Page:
image courtesy of shutterstock.comMy intention with each of these posts is that you’re challenged to interrupt the noise and routine in your life, just for a moment, to think more deeply about what really matters in life… your relationship with yourself and with others in your professional and personal life.
Most of us are average – and despite what many ‘motivational gurus’ tell us, it’s ok to be average – it ought to be – because most of us are.
Now, I realise as you’re reading this you might be thinking that you’re not average, and that could be so. Although, science validates most of us overestimate our own competence.
The reality is, for most of us, there will be others who can do what we do a bit (or a lot) better than us. There will be others who know a bit (or a lot) more than us.
Don’t worry, this is not going to be a religious or even spiritual post (not that there’s anything wrong with that, but it’s just not something I’m doing here).
Get Out of Your Own Light
Popova references this sentence within Huxley’s book:
“And in all the activities of life, from the simplest physical activities to the highest intellectual and spiritual activities, our whole effort must be to get out of our own light.”
Without going into a deep philosophical exploration here, it reminded me that sometimes we can get in our own way, and this can stop us from being the best version of ourselves in our professional and personal lives.
The Downside of Social Comparison
One example of this is when we get sucked into social comparisons.
As I mentioned at the start of this post, and whether you agree with the statement or not, most of us are average.
It is so easy to compare ourselves to the lifestyles of others posted on social media (rarely do we see the realities of others’ lives on social media … just the good stuff they want to share (brag) about).
When we compare ourselves to people who might be having a ‘better’ life than us, or know more than us, or do better than us, we can get in our own way of being the best version of ourselves.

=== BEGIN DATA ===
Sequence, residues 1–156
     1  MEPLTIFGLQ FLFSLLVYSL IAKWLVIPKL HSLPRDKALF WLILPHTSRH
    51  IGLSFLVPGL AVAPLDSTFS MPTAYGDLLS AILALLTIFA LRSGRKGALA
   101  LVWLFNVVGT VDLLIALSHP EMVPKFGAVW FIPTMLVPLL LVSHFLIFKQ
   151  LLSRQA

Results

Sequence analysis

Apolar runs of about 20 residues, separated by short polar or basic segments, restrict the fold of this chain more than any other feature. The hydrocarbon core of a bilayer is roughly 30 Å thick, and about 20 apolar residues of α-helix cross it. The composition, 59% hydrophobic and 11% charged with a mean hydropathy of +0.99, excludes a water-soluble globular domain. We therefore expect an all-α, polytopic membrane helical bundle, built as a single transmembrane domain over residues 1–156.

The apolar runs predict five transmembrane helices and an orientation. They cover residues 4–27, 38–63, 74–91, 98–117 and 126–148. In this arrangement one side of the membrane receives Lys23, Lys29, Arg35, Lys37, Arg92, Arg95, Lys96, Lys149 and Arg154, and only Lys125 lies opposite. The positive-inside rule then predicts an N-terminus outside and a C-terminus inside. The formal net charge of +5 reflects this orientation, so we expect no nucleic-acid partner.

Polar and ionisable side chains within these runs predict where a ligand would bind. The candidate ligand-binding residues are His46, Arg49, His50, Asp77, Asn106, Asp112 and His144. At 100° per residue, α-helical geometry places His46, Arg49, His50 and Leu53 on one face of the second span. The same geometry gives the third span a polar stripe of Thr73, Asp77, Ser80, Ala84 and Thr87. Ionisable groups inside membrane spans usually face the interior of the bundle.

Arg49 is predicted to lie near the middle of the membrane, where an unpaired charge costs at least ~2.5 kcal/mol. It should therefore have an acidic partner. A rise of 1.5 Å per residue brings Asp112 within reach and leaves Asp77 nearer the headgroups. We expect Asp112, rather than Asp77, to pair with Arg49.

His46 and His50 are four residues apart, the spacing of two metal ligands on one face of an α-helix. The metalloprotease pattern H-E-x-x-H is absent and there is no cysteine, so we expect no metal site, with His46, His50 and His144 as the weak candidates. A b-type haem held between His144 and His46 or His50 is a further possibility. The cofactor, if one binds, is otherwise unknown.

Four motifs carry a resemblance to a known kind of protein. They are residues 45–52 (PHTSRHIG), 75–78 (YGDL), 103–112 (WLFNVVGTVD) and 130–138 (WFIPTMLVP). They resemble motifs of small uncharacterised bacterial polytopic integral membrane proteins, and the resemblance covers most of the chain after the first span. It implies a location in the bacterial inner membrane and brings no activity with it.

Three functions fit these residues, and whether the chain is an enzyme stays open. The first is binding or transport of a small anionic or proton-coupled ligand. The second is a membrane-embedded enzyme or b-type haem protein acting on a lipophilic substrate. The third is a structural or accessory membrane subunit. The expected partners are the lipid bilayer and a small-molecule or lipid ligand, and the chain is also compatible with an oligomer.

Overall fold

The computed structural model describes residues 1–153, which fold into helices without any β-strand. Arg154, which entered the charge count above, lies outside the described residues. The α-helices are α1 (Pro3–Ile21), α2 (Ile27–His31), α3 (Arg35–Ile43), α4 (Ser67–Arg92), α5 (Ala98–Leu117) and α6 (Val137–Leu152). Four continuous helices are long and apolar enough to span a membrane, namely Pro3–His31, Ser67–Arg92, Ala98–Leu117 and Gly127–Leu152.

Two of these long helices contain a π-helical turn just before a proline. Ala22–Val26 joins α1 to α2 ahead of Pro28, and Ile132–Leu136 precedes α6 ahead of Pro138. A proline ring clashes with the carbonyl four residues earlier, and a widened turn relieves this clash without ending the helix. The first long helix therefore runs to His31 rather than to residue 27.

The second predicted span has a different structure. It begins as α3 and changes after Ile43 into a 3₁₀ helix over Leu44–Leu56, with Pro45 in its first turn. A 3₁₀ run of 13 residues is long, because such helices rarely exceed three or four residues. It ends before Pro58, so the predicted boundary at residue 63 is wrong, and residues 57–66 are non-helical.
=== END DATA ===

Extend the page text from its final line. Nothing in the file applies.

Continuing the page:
Rather than choosing to take positive and appropriate action, guided by a clear sense of values (whether they be personal values in our private life, or work/business values in our professional life), we get in our own way and ruminate over what’s not so positive about us, and focus on how others know more, do more and live better lives than us.
Start where you are (because that’s where you are).
When we realise that whoever we are right now, with whatever level of competency we have, with whatever personality we have, with whatever experiences we have, not just in spite of that, because of that, we can choose our next actions.
As Aristotle advised, we are the sum of our actions and it is our actions and behaviours that are our morals (or true authentic self), shown in action.
Three Actions Toward Your Authentic Best Version of You
So for this next week, I encourage you to do these three things:
- Take notice of when you might be sucked into social comparisons.
- Take notice of what you’re saying to yourself and how you’re feeling about any social comparisons you might become aware of.
- Regardless of what you’re saying to yourself, or how you’re feeling, find the courage to choose a positive and appropriate action that will make the best use of your competencies, make the best use of your personality, and make the best use of your experiences.
When you reflect, notice, accept and move forward like this, you can get out of your own way to be the authentically best version of you in both your personal and professional lives.